The chemical experiment that we did today used hydrochloric acid and marble chips. Marble chips are mostly made up of the chemical substance calcium carbonate, CaCO3. Here is the stoichiometric (‘numerically’ balanced) equation for the reaction:
2HCl (aq) + CaCO3 (s) CaCl2 (aq) + CO2 (g) + H2O (l)
2 Hydrochloric + Calcium Carbonate Calcium Chloride + Carbon + Water
Acid (in solution) (solid marble chips) (in solution) Dioxide (gas) (liquid)
The rate of reaction is just the speed at which the substances on the left side of equation turn into the substances on the right side. The way we measured the rate of reaction today was measuring the how quickly carbon dioxide gas was produced in each experiment. For example, by comparing how much gas was produced in 1 minute with the strong acid, with how much gas was produced in 1 minute with the watered down acid, you can see that the watered down acid produced half as much gas in the same amount of time. This shows that the RATE of reaction was half as fast for the diluted (watered down) acid.
Number of Chips: The number of marble chips changes the rate of reaction because when you have more marble chips, there is more ‘stuff’ to react at one time, so there will be more gas produced in the same amount of time. If you want to make more potato soup, you must use more potatoes!
Size of Chips: If the same mass of marble chips is weighed out for bother experiments but one experiment uses larger pieces, this means that less surface area of the marble chip will be exposed to react with the acid. If we break the marble chips into smaller pieces, more marble chip surface will be exposed to react with the acid, and the rate of reaction will be faster. That is why if you want to cook potatoes more quickly, you cut the potato into smaller pieces.
Temperature: All substances are made up of millions of tiny little lumps called molecules, and these little lumps are just randomly zooming around. When we put substances together, two molecules can only react with each other if they happen to hit into each other while randomly zooming. So, an HCl molecule can only react with a CaCO3 molecule if they hit each other. If we raise the temperature, the molecules will feel more energetic, and move around more quickly. Imagine you are in a room with lots of blindfolded people. If everyone is walking, then the chance of you running into someone is low. But if everyone were to start running because they felt energetic, then the chance of bumping into someone is much higher. So, a reaction under high temperature will have a higher rate of reaction. Using the potato soup example again, the soup will cook faster on a stove at higher temperature.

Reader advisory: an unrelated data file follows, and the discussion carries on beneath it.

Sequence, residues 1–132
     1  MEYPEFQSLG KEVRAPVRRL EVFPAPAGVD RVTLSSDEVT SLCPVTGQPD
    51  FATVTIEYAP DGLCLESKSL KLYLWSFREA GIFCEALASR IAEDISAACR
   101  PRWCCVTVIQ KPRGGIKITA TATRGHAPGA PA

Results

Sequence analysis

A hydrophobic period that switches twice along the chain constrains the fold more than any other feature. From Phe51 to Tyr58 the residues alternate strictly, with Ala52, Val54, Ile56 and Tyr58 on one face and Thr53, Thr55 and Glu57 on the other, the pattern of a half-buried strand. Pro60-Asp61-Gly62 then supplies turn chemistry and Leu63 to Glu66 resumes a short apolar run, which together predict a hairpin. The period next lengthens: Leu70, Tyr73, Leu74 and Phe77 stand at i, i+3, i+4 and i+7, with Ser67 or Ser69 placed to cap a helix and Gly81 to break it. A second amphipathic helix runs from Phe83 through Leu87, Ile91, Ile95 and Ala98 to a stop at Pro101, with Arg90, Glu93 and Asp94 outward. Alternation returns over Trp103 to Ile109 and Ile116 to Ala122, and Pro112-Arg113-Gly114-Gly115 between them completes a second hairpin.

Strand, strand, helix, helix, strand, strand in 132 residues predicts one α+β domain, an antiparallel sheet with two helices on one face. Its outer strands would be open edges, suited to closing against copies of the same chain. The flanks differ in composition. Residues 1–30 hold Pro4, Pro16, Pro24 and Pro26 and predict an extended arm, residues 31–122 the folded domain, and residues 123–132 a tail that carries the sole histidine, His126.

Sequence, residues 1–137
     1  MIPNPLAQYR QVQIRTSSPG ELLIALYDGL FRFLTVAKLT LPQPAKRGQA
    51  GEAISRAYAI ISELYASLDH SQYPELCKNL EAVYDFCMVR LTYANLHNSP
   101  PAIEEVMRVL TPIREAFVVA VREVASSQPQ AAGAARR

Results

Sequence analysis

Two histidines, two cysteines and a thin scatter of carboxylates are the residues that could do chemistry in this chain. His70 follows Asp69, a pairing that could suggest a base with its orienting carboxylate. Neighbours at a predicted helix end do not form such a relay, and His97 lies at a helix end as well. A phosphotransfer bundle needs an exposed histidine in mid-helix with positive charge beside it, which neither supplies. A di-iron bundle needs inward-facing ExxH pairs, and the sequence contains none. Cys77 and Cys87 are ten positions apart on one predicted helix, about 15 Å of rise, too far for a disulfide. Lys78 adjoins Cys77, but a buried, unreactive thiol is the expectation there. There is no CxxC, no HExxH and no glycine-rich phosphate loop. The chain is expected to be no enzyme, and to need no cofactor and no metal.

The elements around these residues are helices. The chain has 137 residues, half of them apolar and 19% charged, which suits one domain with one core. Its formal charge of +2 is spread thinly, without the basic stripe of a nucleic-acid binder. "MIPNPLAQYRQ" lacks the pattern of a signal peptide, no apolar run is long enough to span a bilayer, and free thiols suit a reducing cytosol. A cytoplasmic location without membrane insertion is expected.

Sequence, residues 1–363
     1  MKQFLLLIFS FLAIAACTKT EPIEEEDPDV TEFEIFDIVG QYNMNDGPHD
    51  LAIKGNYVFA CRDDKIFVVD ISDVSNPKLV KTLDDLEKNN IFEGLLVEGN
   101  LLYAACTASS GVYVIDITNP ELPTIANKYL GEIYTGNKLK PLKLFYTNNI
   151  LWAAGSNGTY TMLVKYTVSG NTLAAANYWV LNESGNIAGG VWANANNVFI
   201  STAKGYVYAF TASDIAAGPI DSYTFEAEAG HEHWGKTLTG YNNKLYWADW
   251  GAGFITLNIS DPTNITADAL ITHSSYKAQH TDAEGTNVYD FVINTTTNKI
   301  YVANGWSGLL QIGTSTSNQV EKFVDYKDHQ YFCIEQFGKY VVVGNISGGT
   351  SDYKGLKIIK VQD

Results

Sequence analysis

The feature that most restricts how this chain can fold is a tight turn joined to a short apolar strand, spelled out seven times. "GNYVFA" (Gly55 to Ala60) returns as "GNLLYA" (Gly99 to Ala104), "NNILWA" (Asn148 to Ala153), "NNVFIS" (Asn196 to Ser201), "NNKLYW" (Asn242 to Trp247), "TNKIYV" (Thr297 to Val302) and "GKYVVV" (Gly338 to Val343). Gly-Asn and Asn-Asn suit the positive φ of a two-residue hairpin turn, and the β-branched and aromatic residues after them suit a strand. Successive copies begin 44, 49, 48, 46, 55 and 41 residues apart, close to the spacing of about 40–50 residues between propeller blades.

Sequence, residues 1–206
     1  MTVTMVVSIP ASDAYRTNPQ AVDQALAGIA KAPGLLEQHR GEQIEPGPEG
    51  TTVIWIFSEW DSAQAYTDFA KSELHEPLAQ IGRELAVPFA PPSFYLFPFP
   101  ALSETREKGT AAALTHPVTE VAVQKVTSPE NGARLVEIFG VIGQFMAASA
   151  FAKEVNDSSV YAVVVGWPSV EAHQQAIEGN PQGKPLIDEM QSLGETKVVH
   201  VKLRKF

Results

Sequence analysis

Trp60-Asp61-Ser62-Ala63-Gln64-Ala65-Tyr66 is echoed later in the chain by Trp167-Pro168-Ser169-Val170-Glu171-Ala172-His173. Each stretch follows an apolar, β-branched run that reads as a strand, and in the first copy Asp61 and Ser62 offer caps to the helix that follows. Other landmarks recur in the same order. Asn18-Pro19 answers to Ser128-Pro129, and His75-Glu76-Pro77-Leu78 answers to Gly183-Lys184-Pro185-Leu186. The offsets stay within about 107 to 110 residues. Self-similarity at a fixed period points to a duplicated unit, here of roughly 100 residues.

Agitation: Agitation is disturbing the experiment physically, for example by stirring the reaction mixture, or shaking. This has a similar effect to raising the temperature. When you shake/stir the reaction mixture, the molecules in the mixture will be more likely to hit each other and cause the reaction to happen. So the rate of reaction will be faster if the reaction mixture is agitated. Think about cooking potatoes again: if you stir the potato soup with a spoon while you cook it, it cooks faster!
Concentration: The concentration means how many molecules of a chemical substance are ‘squished’ into one space. A high concentration means lots of molecules in a certain volume, and a low concentration means only a few molecules in the same volume. Now, we know that the rate of reaction will be fast if there is a high chance of molecules hitting each other in the reaction mixture. A high concentration is like putting lots of blindfolded people into a very small room – it’s very easy for them to bump into each other. So, the rate of reaction is much higher if the reactant concentration is high.
Conclusion: For a high rate of reaction, we should use small pieces, and if the reactant uses a liquid or a solution, then it should have a high concentration, and we should agitate the reaction mixture frequently and do the experiment at a high temperature. So, if we want to melt the chocolate very quickly, we should use a high temperature stove, and break the chocolate into very small pieces and stir it frequently.
Here are some websites and books that you can look at for more information!
http://www.chem4kids.com/reactions/time.html - This is a really fun and detailed page for all kinds of science and maths questions. Look around and browse if you want, or just click on the link for “Reactions in Chemistry” for further info on rates of reactions